For Hoya and Nidek IOLs, there were no significant differences in anterior surface Ra values between clear and yellow-tinted IOLs before and after culturing. For the Alcon IOLs, the anterior surface Ra value of the clear IOL was higher than that of the yellow-tinted IOL, indicating that the anterior surface of the clear Alcon IOL was rougher than that of the yellow-tinted IOL.
Figure 10
 
For Hoya and Nidek IOLs, there were no significant differences in anterior surface Ra values between clear and yellow-tinted IOLs before and after culturing. For the Alcon IOLs, the anterior surface Ra value of the clear IOL was higher than that of the yellow-tinted IOL, indicating that the anterior surface of the clear Alcon IOL was rougher than that of the yellow-tinted IOL.
Figure 11
 
For Hoya and Nidek IOLs, there were no significant differences of posterior surface Ra values between clear and yellow-tinted IOLs before and after culturing. For the Alcon IOLs, the posterior surface Ra value of the yellow-tinted IOL was higher than that of the clear IOL before and after culturing, indicating that the posterior surface of yellow-tinted Alcon IOL was rougher than that of the clear IOL.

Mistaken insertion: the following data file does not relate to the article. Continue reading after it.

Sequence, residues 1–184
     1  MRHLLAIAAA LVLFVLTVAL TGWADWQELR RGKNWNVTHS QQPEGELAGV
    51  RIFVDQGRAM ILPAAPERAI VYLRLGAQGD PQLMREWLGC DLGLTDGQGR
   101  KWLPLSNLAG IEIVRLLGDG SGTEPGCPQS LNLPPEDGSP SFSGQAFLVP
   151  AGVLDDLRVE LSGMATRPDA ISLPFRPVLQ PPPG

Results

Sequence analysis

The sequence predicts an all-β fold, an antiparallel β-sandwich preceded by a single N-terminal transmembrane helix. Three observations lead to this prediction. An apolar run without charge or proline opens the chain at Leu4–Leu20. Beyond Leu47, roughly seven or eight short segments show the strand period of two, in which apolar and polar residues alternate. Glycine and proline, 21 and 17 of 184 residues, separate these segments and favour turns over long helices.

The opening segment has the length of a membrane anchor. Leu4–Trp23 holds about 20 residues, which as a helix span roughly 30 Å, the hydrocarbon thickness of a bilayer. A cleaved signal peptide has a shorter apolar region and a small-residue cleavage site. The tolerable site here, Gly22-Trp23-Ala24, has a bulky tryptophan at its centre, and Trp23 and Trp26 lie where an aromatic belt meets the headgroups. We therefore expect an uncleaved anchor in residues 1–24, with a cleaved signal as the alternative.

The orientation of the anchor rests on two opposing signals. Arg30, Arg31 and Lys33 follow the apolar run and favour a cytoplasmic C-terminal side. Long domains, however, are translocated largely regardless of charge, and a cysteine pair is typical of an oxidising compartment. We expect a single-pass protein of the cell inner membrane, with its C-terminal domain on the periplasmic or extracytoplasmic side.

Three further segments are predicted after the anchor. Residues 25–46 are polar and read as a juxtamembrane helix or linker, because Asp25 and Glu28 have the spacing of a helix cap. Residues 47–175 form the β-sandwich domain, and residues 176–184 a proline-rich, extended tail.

Figure 11
 
For Hoya and Nidek IOLs, there were no significant differences of posterior surface Ra values between clear and yellow-tinted IOLs before and after culturing. For the Alcon IOLs, the posterior surface Ra value of the yellow-tinted IOL was higher than that of the clear IOL before and after culturing, indicating that the posterior surface of yellow-tinted Alcon IOL was rougher than that of the clear IOL.
Table 1
 
Composition of the Composite Aqueous Humor
Table 1
 
Composition of the Composite Aqueous Humor
Table 2
 
Changes in the Resolution and Lens Power Measured in Air after Culturing
Table 2
 
Changes in the Resolution and Lens Power Measured in Air after Culturing
×
×

This PDF is available to Subscribers Only

Sign in or purchase a subscription to access this content. ×

You must be signed into an individual account to use this feature.

×